Goodreads: The Swallow: A Ghost Story
Published: Sept. 2014
Polly and Rose live next door, but they lead completely different lives. Polly’s family is large and boisterous, and all she really wants is to be left alone. Rose’s family, meanwhile, never speak to her and neither do her classmates or her teachers. Polly wishes she were invisible, but Rose knows just how much that hurts. Polly, meanwhile, hopes to find adventures like the ones she reads about–maybe she’ll even see a ghost! Rose sees ghosts all the time and thinks she’s cursed. When Polly meets Rose, she thinks her adventure has finally begun. After all, Rose just doesn’t see ghosts–she may actually be one.
I’ll be the first to admit that, despite the old adage “Never judge a book by it’s cover,” I often do–if it’s as gorgeous as the one for The Swallow. Something that beautiful, combined with a plot summary about female friendship and the sadness of ghosts, promises one of those delicate, haunting reads. The kind that cover blurbs like to describe as “lyrical.” Unfortunately, though The Swallow strives mightily to live up to its cover, the execution lacks the necessary subtlety. What could have been a truly memorable story is, in the end, nothing truly remarkable.
The story has an admittedly rough start, one that could even be called heavy-handed. In an effort to juxtapose the lives of the two protagonists Polly and Rose, the author tells the story through their two voices. The perspectives switch after every other page, sometimes sooner, creating a somewhat jarring effect that takes time to become accustomed to. Worse, the opening pages are nothing more than exposition, the “telling” kind. Polly starts off by complaining about her large family. Rose follows complaining about her absent family. Polly wishes she were invisible. Rose is invisible. Polly is overweight. Rose is underweight. Polly wants to see a ghost. Rose sees ghosts all the time. “THESE GIRLS ARE OPPOSITES!” the story yells. Why that is so important, I never really found out. The girls, I think, would have been friends regardless.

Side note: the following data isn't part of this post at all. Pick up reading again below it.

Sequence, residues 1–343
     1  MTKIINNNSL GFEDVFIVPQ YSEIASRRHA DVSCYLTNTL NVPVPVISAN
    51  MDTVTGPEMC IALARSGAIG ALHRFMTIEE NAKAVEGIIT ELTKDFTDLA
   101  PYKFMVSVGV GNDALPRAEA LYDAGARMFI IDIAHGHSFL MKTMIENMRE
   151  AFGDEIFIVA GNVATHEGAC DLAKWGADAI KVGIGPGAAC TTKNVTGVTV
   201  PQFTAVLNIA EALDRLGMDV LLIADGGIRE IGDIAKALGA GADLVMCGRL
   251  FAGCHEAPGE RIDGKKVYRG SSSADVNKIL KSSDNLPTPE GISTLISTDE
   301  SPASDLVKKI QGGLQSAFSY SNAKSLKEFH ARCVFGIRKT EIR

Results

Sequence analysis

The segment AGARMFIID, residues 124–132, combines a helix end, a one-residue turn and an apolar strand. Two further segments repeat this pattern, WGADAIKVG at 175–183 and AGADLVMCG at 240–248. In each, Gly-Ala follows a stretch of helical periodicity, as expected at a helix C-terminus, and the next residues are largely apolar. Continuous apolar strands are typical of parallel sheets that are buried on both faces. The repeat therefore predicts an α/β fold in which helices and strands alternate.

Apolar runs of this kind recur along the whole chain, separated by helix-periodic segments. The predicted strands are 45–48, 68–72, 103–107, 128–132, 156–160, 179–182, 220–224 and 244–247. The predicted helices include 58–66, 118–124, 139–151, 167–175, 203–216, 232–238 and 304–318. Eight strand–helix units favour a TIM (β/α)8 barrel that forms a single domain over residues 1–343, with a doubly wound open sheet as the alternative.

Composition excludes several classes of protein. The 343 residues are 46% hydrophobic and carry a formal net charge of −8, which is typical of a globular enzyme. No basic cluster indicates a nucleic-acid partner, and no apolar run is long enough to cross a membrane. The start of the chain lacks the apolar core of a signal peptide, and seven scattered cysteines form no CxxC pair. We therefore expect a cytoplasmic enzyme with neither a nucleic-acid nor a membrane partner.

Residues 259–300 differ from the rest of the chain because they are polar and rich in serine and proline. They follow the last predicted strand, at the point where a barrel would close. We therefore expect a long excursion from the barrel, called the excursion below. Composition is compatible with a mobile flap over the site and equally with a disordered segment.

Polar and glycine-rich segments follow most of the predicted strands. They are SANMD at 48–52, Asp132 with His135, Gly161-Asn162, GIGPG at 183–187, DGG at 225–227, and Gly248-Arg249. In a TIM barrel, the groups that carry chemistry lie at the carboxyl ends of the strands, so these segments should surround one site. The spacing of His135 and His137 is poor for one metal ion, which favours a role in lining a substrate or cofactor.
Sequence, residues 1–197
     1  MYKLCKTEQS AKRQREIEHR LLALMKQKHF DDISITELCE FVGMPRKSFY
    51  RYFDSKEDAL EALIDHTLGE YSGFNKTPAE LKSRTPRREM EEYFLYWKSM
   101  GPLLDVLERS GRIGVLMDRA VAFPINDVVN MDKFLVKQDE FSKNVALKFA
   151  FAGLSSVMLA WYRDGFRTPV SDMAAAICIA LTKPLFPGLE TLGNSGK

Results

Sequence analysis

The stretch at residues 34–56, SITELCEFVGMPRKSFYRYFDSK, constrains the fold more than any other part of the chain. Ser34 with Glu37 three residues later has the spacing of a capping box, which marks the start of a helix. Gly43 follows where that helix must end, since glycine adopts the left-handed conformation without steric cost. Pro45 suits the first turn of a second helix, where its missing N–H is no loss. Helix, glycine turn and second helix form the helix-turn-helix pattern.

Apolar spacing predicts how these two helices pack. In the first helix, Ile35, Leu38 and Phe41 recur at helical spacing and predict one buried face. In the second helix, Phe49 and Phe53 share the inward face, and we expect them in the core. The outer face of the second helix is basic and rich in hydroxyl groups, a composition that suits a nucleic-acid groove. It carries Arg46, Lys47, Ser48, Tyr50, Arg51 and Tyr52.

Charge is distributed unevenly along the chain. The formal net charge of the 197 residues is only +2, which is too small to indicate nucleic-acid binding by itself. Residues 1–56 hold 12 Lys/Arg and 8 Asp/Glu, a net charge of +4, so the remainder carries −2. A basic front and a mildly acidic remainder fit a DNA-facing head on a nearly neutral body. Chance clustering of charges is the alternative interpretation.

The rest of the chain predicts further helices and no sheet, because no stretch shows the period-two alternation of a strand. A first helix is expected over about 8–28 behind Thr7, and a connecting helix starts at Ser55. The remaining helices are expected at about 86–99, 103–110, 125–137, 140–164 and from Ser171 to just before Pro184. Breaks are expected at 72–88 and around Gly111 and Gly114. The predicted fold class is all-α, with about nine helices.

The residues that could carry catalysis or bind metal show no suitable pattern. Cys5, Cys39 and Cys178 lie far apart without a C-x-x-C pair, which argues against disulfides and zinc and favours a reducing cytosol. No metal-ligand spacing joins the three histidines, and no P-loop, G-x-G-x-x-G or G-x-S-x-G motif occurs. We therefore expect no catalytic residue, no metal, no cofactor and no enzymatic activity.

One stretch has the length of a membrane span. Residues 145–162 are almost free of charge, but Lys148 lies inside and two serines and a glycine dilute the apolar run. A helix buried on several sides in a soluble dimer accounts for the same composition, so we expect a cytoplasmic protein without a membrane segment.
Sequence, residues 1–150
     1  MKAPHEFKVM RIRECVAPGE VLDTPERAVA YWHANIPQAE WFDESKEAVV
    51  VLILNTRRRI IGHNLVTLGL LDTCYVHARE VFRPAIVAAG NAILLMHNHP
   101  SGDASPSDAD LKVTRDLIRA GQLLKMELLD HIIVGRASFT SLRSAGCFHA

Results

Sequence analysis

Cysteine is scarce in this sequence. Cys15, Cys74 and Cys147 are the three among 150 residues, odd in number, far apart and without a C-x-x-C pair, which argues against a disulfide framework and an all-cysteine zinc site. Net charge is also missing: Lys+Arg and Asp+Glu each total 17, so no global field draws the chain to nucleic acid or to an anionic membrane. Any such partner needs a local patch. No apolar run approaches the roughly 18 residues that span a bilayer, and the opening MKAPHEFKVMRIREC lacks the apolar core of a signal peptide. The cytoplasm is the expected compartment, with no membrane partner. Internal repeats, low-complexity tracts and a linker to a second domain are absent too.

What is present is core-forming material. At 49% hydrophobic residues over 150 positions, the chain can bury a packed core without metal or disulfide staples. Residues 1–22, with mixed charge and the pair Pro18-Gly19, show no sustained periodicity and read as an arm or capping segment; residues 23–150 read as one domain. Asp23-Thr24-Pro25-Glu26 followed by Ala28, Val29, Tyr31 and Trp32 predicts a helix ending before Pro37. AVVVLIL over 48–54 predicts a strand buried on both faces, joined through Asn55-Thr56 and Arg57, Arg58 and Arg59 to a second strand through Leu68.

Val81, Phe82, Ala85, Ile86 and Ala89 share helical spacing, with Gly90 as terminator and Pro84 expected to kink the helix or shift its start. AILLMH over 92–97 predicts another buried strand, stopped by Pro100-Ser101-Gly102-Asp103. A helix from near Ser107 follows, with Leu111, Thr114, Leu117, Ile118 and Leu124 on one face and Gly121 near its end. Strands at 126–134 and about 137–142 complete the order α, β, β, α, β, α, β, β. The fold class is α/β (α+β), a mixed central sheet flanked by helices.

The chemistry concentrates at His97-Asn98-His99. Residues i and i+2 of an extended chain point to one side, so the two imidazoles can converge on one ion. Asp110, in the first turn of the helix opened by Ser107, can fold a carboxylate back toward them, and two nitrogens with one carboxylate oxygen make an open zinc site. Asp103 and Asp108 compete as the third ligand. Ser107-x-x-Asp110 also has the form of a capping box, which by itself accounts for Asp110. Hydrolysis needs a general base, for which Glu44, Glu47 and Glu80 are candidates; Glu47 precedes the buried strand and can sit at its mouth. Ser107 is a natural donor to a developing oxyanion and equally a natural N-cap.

Unfortunately, I think the story does think that the juxtaposition is important, but it fails to make its point. Usually one would expect that their differences would teach the girls to appreciate what they have, or maybe give them strategies to help them make their lives better. For example, Polly might invite lonely Rose over to visit her family or her example might help Rose to communicate with others more. Rose might give Polly strategies on how to create a space for herself. However, their friendship does not ultimately drive the changes in the story. Instead, the malignant entity in Rose’s house does. It’s unexpected for a story about friendship.
I wanted to love The Swallow, but the constant switching of perspectives, combined with a plot that often seems slow, made it a bit of a struggle for me to get through the book. I closed the pages feeling disappointed that this one really didn’t live up to its cover, after all.